Pope's visit puts spotlight on Brazil's many issues

(CBS News) RIO DE JANEIRO -- Pope Francis visited a shrine to the Virgin Mary Wednesday during his trip to Brazil, and he seemed to tear up as he stood in silent prayer.

Pope Francis celebrates Mass at the Basilica of the National Shrine of Our Lady Aparecida on July 24, 2013 in Aparecida, Brazil. The shrine attracts millions each year and honors the dark-skinned Virgin of Aparecida, who is considered the patron saint of Brazil. Pilgrims throughout the world are joining Pope Francis for his visits to various locations in Brazil from July 22- July 28 during the Catholic Church's World Youth Day celebrations.
Pope Francis celebrates Mass at the Basilica of the National Shrine of Our Lady Aparecida on July 24, 2013 in Aparecida, Brazil.
Buda Mendes/Getty Images

The Pope spoke in Aparecido, a small town with a huge shrine to Mary, the mother of Jesus. An estimated 150,000 people were there when he delivered the homily at mass -- his first sustained remarks on his first foreign trip.

The Pope lamented that everyone, including young people, are "attracted by the many idols which take the place of God and appear to offer hope, money, success, power and pleasure."

This was due, he said, to "a growing sense of loneliness and emptiness in the hearts of many people."

Along the quiet streets of Rio de Janeiro's Santa Teresa district, many blame Brazil's leaders for that emptiness.

Pope Francis' visit to Brazil fraught with security issues
Pope Francis greeted by frenzied crowds in Brazil

Federico Souza
Federico Souza
CBS News

Federico Souza is an architect who designed the altar stage where Pope Francis will celebrate mass this weekend. He and his wife are middle class professionals who pay high taxes for low benefits.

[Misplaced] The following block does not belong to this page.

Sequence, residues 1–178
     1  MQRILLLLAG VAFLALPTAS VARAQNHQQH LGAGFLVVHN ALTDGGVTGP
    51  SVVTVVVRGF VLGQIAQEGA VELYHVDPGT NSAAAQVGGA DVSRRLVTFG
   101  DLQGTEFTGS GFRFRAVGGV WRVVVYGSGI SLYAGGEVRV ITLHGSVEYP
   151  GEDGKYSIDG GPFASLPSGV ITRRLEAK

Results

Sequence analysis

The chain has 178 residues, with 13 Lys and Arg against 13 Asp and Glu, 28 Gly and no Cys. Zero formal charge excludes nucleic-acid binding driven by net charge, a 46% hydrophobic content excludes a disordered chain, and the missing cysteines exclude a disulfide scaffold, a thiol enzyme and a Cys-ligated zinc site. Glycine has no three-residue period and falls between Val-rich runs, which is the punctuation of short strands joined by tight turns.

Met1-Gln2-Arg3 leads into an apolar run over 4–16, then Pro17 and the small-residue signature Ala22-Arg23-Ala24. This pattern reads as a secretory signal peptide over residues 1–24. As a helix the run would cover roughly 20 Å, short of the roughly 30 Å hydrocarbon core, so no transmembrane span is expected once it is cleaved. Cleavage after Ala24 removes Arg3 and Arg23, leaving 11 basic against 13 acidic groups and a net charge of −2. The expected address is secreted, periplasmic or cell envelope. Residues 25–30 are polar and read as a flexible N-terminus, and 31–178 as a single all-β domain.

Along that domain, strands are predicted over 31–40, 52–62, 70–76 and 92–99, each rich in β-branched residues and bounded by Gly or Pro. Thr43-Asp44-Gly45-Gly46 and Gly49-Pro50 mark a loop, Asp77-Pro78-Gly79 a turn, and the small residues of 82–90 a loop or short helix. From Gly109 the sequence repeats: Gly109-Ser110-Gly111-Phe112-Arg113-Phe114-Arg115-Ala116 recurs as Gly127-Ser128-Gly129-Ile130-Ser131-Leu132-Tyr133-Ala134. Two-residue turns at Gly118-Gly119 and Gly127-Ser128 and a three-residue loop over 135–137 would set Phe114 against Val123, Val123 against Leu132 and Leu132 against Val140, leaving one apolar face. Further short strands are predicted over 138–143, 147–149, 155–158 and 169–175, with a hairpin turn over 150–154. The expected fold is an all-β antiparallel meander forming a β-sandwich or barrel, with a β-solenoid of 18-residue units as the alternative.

Life here, they said, is stubbornly unfair.

"There are too few people who have all the money and there are too many people who have nothing," he said.

"Of course there is corruption," he added.

While some 40 million Brazilians have risen from poverty during the last decade, protectionist policies have produced high prices for food, clothing and fuel. The public infrastructure is a mess.

Thousands of demonstrators march in downtown Niteroi, near Rio de Janeiro
Thousands of demonstrators march in downtown Niteroi, near Rio de Janeiro, June 19, 2013.
TASSO MARCELO/AFP/Getty Images

Health care is overwhelmed, education is barely passing, the police don't police, drug violence is still a problem in the slums and transportation is more stop than go.

Riots that took place this summer were because people objected to paying nine more cents for crummy bus service.

And now comes Pope Francis, who will be here until Sunday evening, putting a spotlight on other problems that may make government leaders here rather uncomfortable.


  • Dean Reynolds

    Dean Reynolds is a CBS News National Correspondent based in Chicago.

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